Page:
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Upon the southern slope of one of those barren hills that rise abruptly here and there in the desolate expanse of the Landes, in South-western France, stood, in the reign of Louis XIII, a gentleman's residence, such as abound in Gascony, and which the country people dignify by the name of chateau.Two tall towers, with extinguisher tops, mounted guard at the angles of the mansion, and gave it rather a feudal air. The deep grooves upon its facade betrayed the former existence of a draw-bridge, rendered unnecessary now by the filling up of the moat, while the towers were draped for more than half their height with a most luxuriant growth of ivy, whose deep, rich green contrasted happily with the ancient gray walls.A traveller, seeing from afar the steep pointed roof and lofty towers standing out against the sky, above the furze and heather that crowned the hill-top, would have pronounced it a rather imposing chateau—the residence probably of some provincial magnate; but as he drew near would have quickly found reason to change his opinion. The road which led to it from the highway was entirely overgrown with moss and weeds, save a narrow pathway in the centre, though two deep ruts, full of water, and inhabited by a numerous family of frogs, bore mute witness to the fact that carriages had once passed that way.
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CHAPTER I. CASTLE MISERY
CHAPTER II. THE CHARIOT OF THESPIS
CHAPTER III. THE BLUE SUN INN
CHAPTER IV. AN ADVENTURE WITH BRIGANDS
CHAPTER V. AT THE CHATEAU DE BRUYERES
CHAPTER VI. A SNOW-STORM AND ITS CONSEQUENCES
CHAPTER VII. CAPTAIN FRACASSE
CHAPTER VIII. THE DUKE OF VALLOMBREUSE
CHAPTER IX. A MELEE AND A DUEL
CHAPTER X. A MIDNIGHT ADVENTURE
CHAPTER XI. THE PONT-NEUF
CHAPTER XII. THE CROWNED RADISH
CHAPTER XIII. A DOUBLE ATTACK
CHAPTER XIV. LAMPOURDE'S DELICACY
CHAPTER XV. MALARTIC AT WORK
CHAPTER XVI. VALLOMBREUSE
CHAPTER XVII. THE AMETHYST RING
CHAPTER XVIII. A FAMILY PARTY
CHAPTER XIX. NETTLES AND COBWEBS
CHAPTER XX. CHIQUITA'S DECLARATION OF LOVE
CHAPTER XXI. HYMEN! OH HYMEN!
CHAPTER XXII. THE CASTLE OF HAPPINESS
The Baron de Sigognac went down the broad staircase without a moment's delay to answer this mysterious summons, protecting with his hand the feeble flame of the small lamp he carried from the many draughts that threatened to blow it out. The light, shining through his slender fingers, gave them a rosy tinge, so that he merited the epithet applied by Homer, the immortal bard, to the laughing, beautiful Aurora, even though he advanced through the thick darkness with his usual melancholy mien, and followed by a black cat, instead of preceding the glorious god of day.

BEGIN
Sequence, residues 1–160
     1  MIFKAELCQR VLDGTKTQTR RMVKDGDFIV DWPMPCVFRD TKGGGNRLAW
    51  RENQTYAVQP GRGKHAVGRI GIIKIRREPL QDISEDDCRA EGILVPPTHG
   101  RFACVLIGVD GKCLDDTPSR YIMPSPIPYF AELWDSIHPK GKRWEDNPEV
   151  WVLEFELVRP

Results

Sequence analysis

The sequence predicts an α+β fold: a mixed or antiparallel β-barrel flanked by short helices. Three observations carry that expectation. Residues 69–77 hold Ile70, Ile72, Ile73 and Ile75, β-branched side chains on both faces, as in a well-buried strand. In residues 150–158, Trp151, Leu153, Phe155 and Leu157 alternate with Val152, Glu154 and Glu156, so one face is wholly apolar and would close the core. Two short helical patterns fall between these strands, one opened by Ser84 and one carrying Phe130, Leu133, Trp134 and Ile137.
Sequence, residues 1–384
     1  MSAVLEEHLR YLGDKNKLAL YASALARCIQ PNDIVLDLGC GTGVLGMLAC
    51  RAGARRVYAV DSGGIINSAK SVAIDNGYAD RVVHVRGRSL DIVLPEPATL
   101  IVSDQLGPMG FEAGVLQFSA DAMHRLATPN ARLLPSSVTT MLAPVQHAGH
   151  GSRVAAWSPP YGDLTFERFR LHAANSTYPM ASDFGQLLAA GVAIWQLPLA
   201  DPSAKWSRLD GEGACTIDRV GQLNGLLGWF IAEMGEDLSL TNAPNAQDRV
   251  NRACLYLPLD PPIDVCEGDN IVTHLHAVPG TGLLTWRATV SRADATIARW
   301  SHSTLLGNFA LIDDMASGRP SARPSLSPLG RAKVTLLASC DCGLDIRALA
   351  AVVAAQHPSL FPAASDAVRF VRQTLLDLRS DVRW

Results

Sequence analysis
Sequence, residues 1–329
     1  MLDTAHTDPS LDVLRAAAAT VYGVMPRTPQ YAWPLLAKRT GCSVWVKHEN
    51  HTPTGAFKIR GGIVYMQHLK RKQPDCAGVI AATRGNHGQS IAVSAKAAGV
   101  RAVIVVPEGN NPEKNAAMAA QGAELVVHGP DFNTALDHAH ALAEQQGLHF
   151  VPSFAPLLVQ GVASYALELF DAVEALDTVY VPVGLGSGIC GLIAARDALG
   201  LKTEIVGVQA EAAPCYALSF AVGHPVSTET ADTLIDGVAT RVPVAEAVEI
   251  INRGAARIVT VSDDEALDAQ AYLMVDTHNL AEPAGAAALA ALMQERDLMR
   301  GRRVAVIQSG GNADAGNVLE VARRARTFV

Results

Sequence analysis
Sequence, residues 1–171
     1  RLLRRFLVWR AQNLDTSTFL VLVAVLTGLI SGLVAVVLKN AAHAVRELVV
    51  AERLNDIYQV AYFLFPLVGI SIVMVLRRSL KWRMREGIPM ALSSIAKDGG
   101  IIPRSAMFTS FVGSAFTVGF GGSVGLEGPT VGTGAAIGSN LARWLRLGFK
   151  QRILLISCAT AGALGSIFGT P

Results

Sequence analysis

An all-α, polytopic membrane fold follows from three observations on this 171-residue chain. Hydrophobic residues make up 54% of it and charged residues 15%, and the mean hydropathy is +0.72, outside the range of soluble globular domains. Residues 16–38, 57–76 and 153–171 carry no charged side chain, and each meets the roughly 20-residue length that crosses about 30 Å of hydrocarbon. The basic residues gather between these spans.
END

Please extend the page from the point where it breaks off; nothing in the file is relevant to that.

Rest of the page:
Setting down his lamp in a sheltered corner, he proceeded to take down the massive bar that secured the door, cautiously opened the practicable leaf, and found himself face to face with a man, upon whom the light of the lamp shone sufficiently to show rather a grotesque figure, standing uncovered in the pelting rain. His head was bald and shining, with a few locks of gray hair clustering about the temples. A jolly red nose, bulbous in form, a small pair of twinkling, roguish eyes, looking out from under bushy, jet-black eyebrows, flabby cheeks, over which was spread a network of purplish fibres, full, sensual lips, and a scanty, straggling beard, that scarcely covered the short, round chin, made up a physiognomy worthy to serve as the model for a Silenus; for it was plainly that of a wine-bibber and bon vivant. Yet a certain expression of good humour and kindness, almost of gentleness, redeemed what would otherwise have been a repulsive face. The comical little wrinkles gathering about the eyes, and the merry upward turn of the comers of the mouth, showed a disposition to smile as he met the inquiring gaze of the young baron, but he only bowed repeatedly and profoundly, with exaggerated politeness and respect.
This extraordinary pantomime finished, with a grand flourish, the burlesque personage, still standing uncovered in the pouring rain, anticipated the question upon de Sigognac's lips, and began at once the following address, in an emphatic and declamatory tone:
"I pray you deign to excuse, noble seignior, my having come thus to knock at the gates of your castle in person at this untimely hour, without sending a page or a courier in advance, to announce my approach in a suitable manner. Necessity knows no law, and forces the most polished personages to be guilty of gross breaches of etiquette at times."
"What is it you want?" interrupted the baron, in rather a peremptory tone, annoyed by the absurd address of this strange old creature, whose sanity he began to doubt.
"Hospitality, most noble seignior; hospitality for myself and my comrades—princes and princesses, heroes and beauties, men of letters and great captains, pretty waiting-maids and honest valets, who travel through the provinces from town to town in the chariot of Thespis, drawn by oxen, as in the ancient times. This chariot is now hopelessly stuck in the mud only a stone's throw from your castle, my noble lord."